Make sure to head towards deep water, not shallow. Clear everything else (such as other hook lines) that come in the way of the fish and the boat. You may also turn the boat towards the Wahoo to clear the path. This technique will ensure that the fish is ready to be picked up as soon as possible. 

Work the Wahoo close to your boat and wire in the shock leader (about 25 to 30 feet) at the same time. As soon as the Wahoo reaches the side of your boat, gaff it immediately. It helps to have a team of several people does the work simultaneously. 

Low Speed Wahoo Trolling 

You do not always need to keep your boat at high speeds for Wahoos. Lesser speeds, such as 6 to 10 knots, also work for them. This consistently hooked Wahoo trolling technique is far less popular, and as a result, has less information available. 

But you can actually save fuel and get more catches with low speed trolling. However, make sure to maintain a stable trolling speed if you opt for this technique. 

The type of hook, rig, and reel you have matters a lot for this technique. You will face more resistance from the fish through this technique, so a great drag system is a must. 

Place a few lure and bait combinations near the surface, and then set two deep hooked lines for your target. Use diving lures deep under the water. Slow trolling diving lures is a great idea.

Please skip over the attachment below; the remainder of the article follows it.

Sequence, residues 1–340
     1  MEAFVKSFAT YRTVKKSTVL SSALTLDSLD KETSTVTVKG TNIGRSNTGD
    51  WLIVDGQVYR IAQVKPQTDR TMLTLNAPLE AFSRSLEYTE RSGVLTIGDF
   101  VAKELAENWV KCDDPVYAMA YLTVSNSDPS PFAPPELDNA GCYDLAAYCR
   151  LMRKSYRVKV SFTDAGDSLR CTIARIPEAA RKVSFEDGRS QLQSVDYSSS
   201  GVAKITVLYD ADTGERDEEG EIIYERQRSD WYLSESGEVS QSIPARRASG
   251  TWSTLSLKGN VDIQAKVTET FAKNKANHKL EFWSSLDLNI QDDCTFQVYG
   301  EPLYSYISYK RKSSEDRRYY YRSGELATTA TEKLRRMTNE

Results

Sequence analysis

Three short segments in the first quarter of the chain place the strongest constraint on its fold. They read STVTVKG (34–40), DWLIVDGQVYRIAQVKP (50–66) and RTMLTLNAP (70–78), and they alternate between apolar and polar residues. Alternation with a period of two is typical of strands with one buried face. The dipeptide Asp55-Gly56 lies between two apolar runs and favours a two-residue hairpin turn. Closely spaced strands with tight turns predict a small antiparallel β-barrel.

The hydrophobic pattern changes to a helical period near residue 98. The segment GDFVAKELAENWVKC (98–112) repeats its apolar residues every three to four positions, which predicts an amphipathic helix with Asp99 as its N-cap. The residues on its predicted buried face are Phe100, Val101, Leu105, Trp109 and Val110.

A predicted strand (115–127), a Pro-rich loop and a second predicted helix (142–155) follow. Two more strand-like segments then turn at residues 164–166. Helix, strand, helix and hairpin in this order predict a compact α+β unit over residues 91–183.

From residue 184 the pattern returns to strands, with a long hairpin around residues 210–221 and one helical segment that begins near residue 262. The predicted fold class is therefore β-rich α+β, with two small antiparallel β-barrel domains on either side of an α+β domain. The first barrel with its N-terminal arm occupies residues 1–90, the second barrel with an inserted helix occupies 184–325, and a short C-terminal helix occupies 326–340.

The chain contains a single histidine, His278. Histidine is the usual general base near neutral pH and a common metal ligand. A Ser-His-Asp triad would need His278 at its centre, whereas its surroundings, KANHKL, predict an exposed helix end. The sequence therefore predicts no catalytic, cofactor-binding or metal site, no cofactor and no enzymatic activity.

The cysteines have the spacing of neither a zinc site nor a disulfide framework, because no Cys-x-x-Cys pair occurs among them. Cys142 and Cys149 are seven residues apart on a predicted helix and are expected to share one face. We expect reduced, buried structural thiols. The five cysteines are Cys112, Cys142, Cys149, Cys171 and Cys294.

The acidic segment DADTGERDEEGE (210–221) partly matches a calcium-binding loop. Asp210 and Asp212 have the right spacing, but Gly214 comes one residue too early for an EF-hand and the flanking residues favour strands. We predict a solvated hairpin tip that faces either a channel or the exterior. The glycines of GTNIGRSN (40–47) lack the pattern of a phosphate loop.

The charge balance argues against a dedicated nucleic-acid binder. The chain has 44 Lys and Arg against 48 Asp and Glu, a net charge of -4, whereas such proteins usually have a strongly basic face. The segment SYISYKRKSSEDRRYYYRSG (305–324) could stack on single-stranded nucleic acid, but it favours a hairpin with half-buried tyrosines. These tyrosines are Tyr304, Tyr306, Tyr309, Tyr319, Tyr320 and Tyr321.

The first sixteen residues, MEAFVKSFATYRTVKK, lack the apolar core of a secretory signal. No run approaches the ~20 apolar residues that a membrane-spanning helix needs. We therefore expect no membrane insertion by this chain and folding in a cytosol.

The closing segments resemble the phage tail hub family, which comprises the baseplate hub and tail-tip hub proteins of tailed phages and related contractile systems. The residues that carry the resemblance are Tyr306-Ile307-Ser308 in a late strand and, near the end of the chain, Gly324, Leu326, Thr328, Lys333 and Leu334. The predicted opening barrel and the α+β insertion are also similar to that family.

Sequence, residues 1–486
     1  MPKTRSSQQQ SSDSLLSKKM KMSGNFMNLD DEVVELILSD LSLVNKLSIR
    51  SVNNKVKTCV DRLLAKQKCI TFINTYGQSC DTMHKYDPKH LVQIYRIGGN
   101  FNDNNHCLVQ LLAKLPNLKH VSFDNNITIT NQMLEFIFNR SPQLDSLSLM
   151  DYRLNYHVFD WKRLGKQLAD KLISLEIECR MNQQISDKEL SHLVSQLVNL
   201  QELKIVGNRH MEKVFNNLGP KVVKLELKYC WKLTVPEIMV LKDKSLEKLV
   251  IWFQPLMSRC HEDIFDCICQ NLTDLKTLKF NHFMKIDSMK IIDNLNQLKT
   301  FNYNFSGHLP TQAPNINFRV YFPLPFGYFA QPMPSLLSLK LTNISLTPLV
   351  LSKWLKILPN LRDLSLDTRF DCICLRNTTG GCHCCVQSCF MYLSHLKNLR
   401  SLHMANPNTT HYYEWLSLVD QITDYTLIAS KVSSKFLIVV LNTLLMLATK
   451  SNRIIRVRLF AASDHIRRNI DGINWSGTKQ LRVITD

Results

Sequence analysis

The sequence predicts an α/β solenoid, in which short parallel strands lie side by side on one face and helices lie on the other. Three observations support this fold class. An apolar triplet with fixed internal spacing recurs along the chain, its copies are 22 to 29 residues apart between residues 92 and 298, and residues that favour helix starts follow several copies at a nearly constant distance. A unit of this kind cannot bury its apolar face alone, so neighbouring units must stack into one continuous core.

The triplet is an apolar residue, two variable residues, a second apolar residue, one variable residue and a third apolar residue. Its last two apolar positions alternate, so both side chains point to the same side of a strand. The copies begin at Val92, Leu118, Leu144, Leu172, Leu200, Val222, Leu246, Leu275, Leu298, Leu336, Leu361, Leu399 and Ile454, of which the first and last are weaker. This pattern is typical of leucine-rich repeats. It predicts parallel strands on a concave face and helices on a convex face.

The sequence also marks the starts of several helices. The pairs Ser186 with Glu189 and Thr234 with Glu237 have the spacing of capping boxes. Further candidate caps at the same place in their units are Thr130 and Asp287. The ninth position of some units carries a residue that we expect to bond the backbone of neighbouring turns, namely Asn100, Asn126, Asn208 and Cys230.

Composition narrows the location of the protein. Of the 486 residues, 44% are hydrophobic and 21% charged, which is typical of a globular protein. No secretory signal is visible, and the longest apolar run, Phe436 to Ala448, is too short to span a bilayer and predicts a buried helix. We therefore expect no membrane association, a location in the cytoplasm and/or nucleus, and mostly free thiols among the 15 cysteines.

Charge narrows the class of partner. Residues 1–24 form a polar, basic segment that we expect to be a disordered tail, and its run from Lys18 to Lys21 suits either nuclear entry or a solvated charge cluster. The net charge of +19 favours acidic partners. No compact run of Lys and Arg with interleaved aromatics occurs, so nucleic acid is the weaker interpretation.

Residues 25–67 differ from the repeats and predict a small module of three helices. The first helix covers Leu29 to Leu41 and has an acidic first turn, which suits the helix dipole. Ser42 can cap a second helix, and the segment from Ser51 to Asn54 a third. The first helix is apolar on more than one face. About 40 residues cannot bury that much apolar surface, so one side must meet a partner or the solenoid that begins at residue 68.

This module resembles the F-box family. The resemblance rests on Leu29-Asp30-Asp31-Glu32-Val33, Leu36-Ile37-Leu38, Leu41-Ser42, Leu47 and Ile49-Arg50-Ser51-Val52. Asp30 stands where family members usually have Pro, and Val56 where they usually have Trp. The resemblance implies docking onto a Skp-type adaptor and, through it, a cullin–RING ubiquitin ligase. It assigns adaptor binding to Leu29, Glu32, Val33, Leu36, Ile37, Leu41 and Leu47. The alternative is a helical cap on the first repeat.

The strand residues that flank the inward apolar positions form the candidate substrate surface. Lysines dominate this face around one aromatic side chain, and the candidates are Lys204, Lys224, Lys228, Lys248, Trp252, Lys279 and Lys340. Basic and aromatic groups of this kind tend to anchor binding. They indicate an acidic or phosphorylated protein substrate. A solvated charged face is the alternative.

For slow speeding, use natural baits that are rigged to swim. You can go for mullet, trolling ballyhoo, Wahoo belly strips, and mackerel for this. The swimming style catches the attraction of a Wahoo fast. 

Wahoo is notorious for silently cutting off lures and escaping. So, check your lures every 10 to 15 minutes to ensure that the bait is still there. If live Wahoo baits are not available, slow trolling dead bait and artificial lures would be great, too. 

In case of a bite, maintain the speed your boat was at and follow the techniques described above to successfully catch Wahoo. 

Jig Casting 

Jig casting, also known as Wahoo bombs, is a technique you could use in Pacific waters on the west coast. The bombs are essentially heavy iron jigs paired with a colorful skirt.